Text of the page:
President Emeritus J. Earl Danieley passed away Tuesday at the age of 92, with the community invited to pay their respects in the Lumen Numen Pavilion on Friday.
Throughout the afternoon on Friday, a stream of people impacted by the life of President Emeritus J. Earl Danieley stopped by the Numen Lumen Pavilion to pay their respects to a man who immersed himself in Elon University for more than seven decades.
Dr. Danieley passed away Nov. 29 at the age of 92. His body was lying in state within the pavilion’s Sacred Space to offer the people he had touched, people across multiple generations, an opportunity to honor his life and his memory. Fittingly, Danieley lay in a casket made out of two-inch-thick oak with a custom-made maroon velvet interior, and the arrangement of matching red roses that sat on top included oak leaves. Dr. Danieley was an avid gardener with a specialty in raising roses.
Students, faculty, staff, alumni and members of the broader Elon community signed guest books and filled notecards to Danieley’s family as they entered the McBride Gathering Space. Some bowed their heads and offered silent prayers as they stood in the Sacred Space. Others placed their hands briefly on the casket or lit candles in remembrance of a man who served as professor, president, fundraiser and cheerleader for Elon after graduating from the university in 1946.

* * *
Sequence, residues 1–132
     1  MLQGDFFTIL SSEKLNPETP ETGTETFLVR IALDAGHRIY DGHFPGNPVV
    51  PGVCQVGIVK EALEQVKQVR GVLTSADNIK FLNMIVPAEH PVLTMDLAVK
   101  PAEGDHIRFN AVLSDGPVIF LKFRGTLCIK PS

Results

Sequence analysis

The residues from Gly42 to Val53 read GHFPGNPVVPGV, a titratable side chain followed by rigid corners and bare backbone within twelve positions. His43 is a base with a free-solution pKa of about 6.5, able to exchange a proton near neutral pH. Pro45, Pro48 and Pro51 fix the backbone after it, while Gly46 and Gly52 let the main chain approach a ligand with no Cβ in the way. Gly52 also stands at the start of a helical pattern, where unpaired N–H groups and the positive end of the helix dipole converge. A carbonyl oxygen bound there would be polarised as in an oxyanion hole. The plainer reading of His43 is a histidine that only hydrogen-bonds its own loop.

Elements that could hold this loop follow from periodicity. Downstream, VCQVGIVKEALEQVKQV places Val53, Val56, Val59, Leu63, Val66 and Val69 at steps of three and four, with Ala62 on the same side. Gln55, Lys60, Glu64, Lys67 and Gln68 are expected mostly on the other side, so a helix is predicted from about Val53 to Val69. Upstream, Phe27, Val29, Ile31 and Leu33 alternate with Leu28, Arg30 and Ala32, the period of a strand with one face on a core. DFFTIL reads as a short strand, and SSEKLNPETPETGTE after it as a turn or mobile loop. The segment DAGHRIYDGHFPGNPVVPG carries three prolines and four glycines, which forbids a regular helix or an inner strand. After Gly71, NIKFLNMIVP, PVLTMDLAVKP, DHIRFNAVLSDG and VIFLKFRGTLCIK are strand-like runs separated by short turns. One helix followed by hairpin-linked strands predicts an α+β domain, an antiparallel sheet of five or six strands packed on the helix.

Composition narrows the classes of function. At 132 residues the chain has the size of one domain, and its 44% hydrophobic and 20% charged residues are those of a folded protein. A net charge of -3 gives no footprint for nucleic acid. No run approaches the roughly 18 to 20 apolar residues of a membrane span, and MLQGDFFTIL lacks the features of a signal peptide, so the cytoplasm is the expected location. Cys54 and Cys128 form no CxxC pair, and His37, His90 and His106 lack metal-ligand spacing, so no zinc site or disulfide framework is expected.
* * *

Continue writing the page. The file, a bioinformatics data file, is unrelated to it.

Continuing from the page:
Tres McMichael ’19 stopped into the Sacred Space to pay his respects, and said Danieley “radiated” pride about Elon and its students. It was a pride that makes all students think about Elon as home, he said. “Whenever I saw him, he had a smile,” McMichael said. “I think he was carrying the spirit of Elon with him at all times.”
Visitors shared stories about Danieley after paying their respects, recounting his sharp memory and mind for names, places and dates, and his ever-present smile. “It’s a time when people might offer a prayer for him and the repose of his soul, and for his family and the grief they are experiencing,” said the Rev. Jan Fuller, university chaplain. “I think it offers us a chance to reflect on the meaning of our own lives, and the legacy we would want to leave.”
One of those was Jim Merritt, who said he attended grade school with Danieley, and recalls seeing him as a school-age boy sitting under an oak tree, studying. The two would continue to bump into each other throughout their lives, said Merritt, who still lives in Alamance County.
“He was a person that everybody has as a friend,” Merritt said. “I don’t guess he ever had an enemy.”